Alumni of the John D. O'Bryant School of Math & Science were invited to tour the proposed new site of the exam school in West Roxbury earlier this month, as city and district leaders move forward with the controversial school relocation plan.
The tour was organized by the mayor's office, the district's capital planning team and Richard O'Bryant, the chair of the alumni steering committee and the son of the school's namesake, a spokesperson for Boston Public Schools said in an email.
The visit gave officials the opportunity to learn what resources alumni wished had been available when they attended the O'Bryant and collect ideas about how the West Roxbury space could be remodeled for current students, said the spokesperson.
But the alumni-only event, which took place on July 8, has prompted some current O'Bryant school community members to question why the tour was not open to them.
"That was concerning to me and to other folks," said O'Bryant teacher Robert Comeau in a phone call. "The stakeholders who this move is going to impact really need to be involved now so that they can understand what the move will mean."
Officials said they are planning a follow-up tour for O'Bryant staff.
The alumni tour came approximately one month after Boston city officials announced a proposal to move the O'Bryant, the most racially diverse of Boston's three exam schools, from Roxbury to the former West Roxbury Education Complex seven miles away.
The O'Bryant currently shares a building with Madison Park Technical Vocational High School. Boston Mayor Michelle Wu and Boston Public School Superintendent Mary Skipper said the proposed relocation would allow the O'Bryant to grow by 400 seats and make room for Madison Park Tech to expand into a modernized vocational school and hub for workforce development as a part of the Green New Deal for Boston Public Schools.
The O'Bryant proposal drew criticism from parents and educators who say the move would make transportation to the new West Roxbury site prohibitively long for some students and result in a decrease in the school's racial diversity.
To publicize the alumni tour, a district spokesperson said organizers reached out to alumni email lists and Facebook groups. Around 30 participants joined, ranging from members of the class of 1960 to this year's graduating class.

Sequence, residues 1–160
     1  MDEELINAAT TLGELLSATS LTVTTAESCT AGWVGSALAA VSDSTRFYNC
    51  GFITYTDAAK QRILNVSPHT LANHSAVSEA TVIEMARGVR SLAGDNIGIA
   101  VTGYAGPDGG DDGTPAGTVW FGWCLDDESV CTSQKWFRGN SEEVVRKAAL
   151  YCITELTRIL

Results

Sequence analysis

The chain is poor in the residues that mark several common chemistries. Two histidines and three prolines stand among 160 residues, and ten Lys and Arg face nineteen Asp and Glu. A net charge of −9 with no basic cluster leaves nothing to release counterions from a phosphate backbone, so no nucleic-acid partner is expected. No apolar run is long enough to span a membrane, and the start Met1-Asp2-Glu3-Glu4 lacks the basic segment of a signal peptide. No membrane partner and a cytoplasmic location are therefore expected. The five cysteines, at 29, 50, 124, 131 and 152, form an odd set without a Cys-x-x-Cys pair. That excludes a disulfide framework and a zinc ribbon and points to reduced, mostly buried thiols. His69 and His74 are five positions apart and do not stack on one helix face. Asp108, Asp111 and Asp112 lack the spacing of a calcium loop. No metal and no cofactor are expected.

According to a BPS spokesperson, participants said they were impressed by how spacious the building and campus were. Officials have billed the West Roxbury site as a future state-of-the-art STEM campus.
But some alumni who took part in the tour said they were hoping for a richer conversation about the impacts of the proposed move.
Recent graduate Mary Matero said she thought the former West Roxbury Education Complex was "nice," but said she showed up that Saturday hoping to engage in a discussion about whether the move was the best and only option for the O'Bryant community.
Matero, 18, said she worries that moving the school to West Roxbury will break up the current community and make it less accessible for her friends in Dorchester and East Boston, whose commute times would be extended.
"Moving to West Roxbury is going to just completely change the demographics," said Matero, a West Roxbury resident. "It's like they're taking this good school, and trying to transform the demographics to make it for another community."
However, when she brought up those concerns during the visit, she said she was "shut down."
"They said we had to move on," said Matero. "I think they just want to persuade people that this is going to be a beautiful building."
The proposed relocation is still subject to a Boston School Committee vote in the next year. The city expects renovations at the West Roxbury complex to begin in 2025 and the school to open a year later.
Jonathan Muniz, a 2020 graduate of O'Bryant, said he appreciated how expansive and open the WREC campus is, but wished district officials had addressed his main concern: transportation to and from the West Roxbury location.
When he brought up the issue, officials scribbled down notes, Muniz said. But they did not offer any solutions, leaving him feeling as if this concern was placed on the "back burner."
"I can only hope that they're going to take these notes, bring it to the mayor and really just try to work things out," the 21-year-old said.
The lack of community engagement around the O'Bryant move has been a thorny issue since the proposal was announced. Some teachers said they only learned about the plan to relocate the school the day before the press conference. This latest alumni-only visit has served to create more frustration about the transparency of the process.
"It's not something where they're trying to get broad input," said Rahul Dhanda, whose son, an O'Bryant alum, had not heard about the tour. "They're cherry picking who participates."
A BPS spokesperson said officials will be meeting with the broader community in the fall.
"The district will engage the overall community throughout this process and will update the public when any engagements are confirmed," said the spokesperson.
WBUR education reporter Max Larkin contributed to this report.